William Dawes (1762-1836), officer of marines who volunteered for service with the First Fleet in New South Wales. He was a competent astronomer and was employed ashore as engineer and surveyor. He constructed an observatory on Tarra (now Dawes Point).
He undertook a number of exploratory journeys to the west of Sydney and attempted to travel into the Blue Mountains. Dawes was a keen observer of the local people and compiled an extensive vocabulary and grammar.
In December 1790 Dawes had refused to do duty on a punitive expedition ordered by Phillip following the murder of his game- shooter John McEntire. Dawes relented only after discussion with Rev. Richard Johnson, and later incensed Phillip by stating publicly that he was sorry that he complied with the order. He refused to retract and sailed with the marines in December 1791.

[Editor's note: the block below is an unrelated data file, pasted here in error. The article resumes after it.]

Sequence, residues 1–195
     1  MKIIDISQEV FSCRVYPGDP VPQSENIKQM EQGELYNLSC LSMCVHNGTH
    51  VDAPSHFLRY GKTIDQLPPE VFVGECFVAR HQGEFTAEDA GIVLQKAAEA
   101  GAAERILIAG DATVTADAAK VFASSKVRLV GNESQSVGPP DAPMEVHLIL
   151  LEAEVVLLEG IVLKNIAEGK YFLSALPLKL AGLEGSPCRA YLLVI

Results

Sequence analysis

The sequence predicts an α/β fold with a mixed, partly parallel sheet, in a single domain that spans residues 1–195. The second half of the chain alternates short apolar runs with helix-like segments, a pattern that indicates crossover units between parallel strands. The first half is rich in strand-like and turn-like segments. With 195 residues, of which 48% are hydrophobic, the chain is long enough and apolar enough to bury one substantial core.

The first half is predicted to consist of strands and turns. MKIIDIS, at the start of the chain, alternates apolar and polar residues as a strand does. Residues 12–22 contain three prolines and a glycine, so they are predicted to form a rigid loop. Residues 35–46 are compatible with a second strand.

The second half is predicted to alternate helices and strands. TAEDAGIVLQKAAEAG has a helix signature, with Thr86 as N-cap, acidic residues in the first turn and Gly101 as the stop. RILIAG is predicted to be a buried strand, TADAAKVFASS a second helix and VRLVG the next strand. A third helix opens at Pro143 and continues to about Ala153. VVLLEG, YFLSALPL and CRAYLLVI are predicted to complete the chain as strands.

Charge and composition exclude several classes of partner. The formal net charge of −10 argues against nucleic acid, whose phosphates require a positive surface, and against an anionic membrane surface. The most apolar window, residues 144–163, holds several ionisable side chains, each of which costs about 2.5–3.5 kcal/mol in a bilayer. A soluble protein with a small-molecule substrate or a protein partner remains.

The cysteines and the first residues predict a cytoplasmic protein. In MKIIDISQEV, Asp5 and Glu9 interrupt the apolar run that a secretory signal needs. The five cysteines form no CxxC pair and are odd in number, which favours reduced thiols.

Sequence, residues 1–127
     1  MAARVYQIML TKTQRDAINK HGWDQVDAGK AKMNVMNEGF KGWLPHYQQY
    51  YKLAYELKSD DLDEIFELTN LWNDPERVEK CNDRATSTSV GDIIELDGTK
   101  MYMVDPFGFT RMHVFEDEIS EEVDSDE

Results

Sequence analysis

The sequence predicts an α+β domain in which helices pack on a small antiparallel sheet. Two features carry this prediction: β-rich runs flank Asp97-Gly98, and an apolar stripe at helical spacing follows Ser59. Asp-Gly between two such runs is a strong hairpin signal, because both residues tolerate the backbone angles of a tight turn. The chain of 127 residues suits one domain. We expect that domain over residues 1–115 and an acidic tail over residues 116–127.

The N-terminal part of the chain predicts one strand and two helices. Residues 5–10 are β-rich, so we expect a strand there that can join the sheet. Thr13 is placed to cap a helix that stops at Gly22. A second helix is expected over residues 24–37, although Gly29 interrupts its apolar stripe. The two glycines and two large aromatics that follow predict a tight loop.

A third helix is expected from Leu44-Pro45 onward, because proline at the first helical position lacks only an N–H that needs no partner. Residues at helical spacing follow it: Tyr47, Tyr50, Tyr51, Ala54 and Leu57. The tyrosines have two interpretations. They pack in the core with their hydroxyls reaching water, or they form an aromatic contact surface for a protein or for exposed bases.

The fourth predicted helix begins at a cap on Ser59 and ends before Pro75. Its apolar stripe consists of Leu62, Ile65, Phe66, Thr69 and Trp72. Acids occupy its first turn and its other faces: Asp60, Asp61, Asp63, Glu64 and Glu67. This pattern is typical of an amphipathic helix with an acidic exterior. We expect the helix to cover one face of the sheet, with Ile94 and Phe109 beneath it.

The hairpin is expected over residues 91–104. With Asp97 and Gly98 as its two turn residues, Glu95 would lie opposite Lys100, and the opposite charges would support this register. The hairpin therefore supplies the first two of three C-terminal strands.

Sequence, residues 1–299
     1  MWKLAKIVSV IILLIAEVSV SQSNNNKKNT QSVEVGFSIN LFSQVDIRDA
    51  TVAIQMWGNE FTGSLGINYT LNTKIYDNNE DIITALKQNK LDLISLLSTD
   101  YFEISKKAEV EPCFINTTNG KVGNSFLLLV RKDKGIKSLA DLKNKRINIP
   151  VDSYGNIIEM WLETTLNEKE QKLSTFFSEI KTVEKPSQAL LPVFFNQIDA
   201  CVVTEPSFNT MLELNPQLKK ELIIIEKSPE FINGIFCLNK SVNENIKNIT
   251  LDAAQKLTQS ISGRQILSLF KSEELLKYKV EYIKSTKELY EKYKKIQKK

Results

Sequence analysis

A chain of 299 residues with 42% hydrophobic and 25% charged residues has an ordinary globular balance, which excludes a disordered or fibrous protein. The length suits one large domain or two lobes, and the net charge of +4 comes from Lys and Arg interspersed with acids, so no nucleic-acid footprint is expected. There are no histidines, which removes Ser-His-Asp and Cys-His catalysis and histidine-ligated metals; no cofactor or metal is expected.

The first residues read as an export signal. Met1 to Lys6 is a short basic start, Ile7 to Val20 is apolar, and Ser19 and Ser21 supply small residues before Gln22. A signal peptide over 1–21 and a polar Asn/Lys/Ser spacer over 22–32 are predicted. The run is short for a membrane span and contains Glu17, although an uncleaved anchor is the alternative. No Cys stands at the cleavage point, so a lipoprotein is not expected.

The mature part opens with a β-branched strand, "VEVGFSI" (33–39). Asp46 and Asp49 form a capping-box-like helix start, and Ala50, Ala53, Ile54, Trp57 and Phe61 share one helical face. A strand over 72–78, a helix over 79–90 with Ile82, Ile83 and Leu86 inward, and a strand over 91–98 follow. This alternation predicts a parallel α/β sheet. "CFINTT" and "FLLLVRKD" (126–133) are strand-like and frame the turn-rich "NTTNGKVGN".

Dawes subsequently travelled to Sierra Leone as councillor to the governor, whom he succeeded in December. He was three times governor for the Sierra Leone Company.
While in England between 1804 and 1808 he helped to train missionaries for the Church Missionary Society. About 1812 Wilberforce suggested that he might work for the anti-slavery cause in Antigua and in 1813 he took his only daughter to that island. There he was a correspondent of the Church Missionary Society and established schools for the children of slaves. Dawes died in Antigua in 1836. He had married first Miss Rutter, who died about 1800. They had a daughter, Judith, who married in Antigua, and two sons. In Antigua Dawes married Grace Gilbert, who survived him.